​​Using Mindfulness to Increase the Flexibility of Your Mind

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You may think of mindfulness meditation as a way of de-stressing or getting in touch with a more spiritual side of yourself.

 . . . we’ve found that those who participated in mindful meditation practice were roughly 69% more likely to show improvements in executive functioning.

-Lifespark

Emerging evidence suggests that in addition to these potential benefits, practicing mindfulness may be able to help you reach new heights of mental flexibility.Meditation

In our own research with older adults, we’ve found that those who participated in mindful meditation practice (e.g., paying close attention to their own experience without judgement) were roughly 69% more likely to show improvements in executive functioning (i.e., a broad set of thinking abilities including mental flexibility) beyond the average participant in a basic relaxation group that was used for comparison purposes.

Other research has similarly found a link between meditation practice and cognitive abilities, including mental flexibility, bolstering the evidence supporting the use of meditation as a brain-sharpening tool.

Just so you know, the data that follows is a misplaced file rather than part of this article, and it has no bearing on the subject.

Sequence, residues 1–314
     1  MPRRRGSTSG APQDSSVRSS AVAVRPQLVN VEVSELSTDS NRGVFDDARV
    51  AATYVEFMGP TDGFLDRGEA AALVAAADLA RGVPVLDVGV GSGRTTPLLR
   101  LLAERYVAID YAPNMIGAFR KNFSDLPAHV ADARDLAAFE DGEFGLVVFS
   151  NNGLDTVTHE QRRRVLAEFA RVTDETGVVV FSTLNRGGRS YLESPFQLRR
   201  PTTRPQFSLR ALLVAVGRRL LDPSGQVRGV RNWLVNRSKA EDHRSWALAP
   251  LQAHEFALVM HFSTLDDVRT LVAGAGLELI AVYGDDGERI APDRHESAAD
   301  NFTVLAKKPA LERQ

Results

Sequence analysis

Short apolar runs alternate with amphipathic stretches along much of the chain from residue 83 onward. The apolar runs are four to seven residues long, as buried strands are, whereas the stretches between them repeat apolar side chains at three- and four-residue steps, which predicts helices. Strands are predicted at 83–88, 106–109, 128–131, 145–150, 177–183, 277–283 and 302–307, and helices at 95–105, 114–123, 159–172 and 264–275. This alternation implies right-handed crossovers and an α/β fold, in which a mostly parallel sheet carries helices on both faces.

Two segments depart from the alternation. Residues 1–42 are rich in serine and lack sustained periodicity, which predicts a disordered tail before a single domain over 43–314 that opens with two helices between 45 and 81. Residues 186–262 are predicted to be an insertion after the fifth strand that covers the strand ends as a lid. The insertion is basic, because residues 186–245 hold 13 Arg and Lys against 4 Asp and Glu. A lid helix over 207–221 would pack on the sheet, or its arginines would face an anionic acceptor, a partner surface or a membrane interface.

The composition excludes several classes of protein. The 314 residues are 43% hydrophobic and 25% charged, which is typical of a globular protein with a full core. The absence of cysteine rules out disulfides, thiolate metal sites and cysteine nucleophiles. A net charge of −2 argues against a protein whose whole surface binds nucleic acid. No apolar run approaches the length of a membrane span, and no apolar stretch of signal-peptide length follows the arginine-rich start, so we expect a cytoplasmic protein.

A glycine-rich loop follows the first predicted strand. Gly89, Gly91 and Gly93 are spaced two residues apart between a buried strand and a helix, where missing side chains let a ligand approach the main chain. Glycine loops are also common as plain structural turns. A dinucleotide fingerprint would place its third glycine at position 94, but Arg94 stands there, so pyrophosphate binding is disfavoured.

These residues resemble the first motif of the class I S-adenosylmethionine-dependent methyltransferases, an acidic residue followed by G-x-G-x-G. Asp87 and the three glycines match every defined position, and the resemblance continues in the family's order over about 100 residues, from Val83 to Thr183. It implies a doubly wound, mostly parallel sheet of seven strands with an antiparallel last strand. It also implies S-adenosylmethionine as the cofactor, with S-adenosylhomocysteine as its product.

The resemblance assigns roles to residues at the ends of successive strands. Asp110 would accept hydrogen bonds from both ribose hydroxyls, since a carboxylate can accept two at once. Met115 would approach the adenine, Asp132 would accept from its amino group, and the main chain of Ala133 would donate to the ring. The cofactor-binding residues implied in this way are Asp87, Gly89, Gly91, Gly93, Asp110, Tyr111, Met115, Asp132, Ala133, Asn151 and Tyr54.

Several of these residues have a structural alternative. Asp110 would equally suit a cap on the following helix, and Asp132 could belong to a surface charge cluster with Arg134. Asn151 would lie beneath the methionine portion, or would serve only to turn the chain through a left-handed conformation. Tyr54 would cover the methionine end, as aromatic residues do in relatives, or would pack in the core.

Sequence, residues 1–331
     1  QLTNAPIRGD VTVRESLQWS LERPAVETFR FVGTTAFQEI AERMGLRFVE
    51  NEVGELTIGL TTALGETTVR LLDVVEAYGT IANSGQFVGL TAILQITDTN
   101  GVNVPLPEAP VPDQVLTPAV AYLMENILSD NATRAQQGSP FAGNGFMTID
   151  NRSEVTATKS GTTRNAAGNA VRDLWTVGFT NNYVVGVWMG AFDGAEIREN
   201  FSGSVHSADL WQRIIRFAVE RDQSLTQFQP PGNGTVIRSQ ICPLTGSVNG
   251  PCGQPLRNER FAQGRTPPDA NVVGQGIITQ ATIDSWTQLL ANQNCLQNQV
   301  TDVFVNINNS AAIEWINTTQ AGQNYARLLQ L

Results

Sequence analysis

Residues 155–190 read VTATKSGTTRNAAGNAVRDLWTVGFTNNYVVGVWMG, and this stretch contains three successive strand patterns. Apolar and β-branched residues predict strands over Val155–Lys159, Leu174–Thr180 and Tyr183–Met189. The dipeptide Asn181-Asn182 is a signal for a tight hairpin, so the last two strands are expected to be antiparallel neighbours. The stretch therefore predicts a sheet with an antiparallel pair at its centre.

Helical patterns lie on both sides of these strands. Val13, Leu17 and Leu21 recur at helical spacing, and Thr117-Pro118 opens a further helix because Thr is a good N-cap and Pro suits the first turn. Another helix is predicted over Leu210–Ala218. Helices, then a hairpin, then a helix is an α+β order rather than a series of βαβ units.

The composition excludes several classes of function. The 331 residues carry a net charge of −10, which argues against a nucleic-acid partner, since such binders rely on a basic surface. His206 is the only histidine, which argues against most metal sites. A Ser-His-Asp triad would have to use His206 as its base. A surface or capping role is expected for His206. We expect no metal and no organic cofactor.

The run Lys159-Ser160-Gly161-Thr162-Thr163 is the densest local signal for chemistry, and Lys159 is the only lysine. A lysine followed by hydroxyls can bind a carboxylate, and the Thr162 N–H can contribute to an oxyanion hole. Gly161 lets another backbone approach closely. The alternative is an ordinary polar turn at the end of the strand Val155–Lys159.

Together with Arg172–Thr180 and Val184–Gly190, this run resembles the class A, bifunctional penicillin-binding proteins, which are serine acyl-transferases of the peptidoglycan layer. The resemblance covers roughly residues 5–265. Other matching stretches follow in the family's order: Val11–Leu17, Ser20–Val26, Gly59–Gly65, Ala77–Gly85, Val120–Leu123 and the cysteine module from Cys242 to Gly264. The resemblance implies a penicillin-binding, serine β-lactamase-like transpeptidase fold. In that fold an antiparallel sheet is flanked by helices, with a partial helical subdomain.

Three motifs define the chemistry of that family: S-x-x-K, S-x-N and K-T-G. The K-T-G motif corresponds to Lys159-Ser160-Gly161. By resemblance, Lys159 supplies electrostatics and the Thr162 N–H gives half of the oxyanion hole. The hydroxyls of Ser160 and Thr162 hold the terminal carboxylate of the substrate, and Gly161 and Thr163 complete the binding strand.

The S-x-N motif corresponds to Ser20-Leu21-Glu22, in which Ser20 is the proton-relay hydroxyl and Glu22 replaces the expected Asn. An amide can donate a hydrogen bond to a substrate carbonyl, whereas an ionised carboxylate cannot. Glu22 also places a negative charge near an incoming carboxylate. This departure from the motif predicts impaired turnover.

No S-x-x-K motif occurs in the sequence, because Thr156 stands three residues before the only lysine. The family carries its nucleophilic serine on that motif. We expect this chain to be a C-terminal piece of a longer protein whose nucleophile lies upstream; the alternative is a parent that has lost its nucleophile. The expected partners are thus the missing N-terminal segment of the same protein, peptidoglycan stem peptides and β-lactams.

As a beginner it can be hard to know how to start practicing mindfulness meditation. In my experience, I’ve found that it is helpful to start out with some structure (e.g., by listening to a guided script) and build up to longer meditations (e.g., maybe start with just five minutes a day).

 
Please share your mindfulness practice and favorite meditation tips with the Lifespark Community below in the Comments box. We want to hear from you!
 

EXCLUSIVE: Mindfulness Meditation Guide

Get your FREE Mindfulness Meditation Audio Guide by joining the Lifespark Community. Enjoy both video and audio-only formats. 

 


Introduction To Thinking Flexibly

 

 

 

 

 

Further Reading:

 
 
 
 

 

 

 

  
 
 

 

 

 

 


Sources:

Chiesa, A., Calati, R., & Serretti, A. (2011). Does mindfulness training improve cognitive abilities? A systematic review of neuropsychological findings. Clinical Psychology Review, 31, 449-464.
 

 

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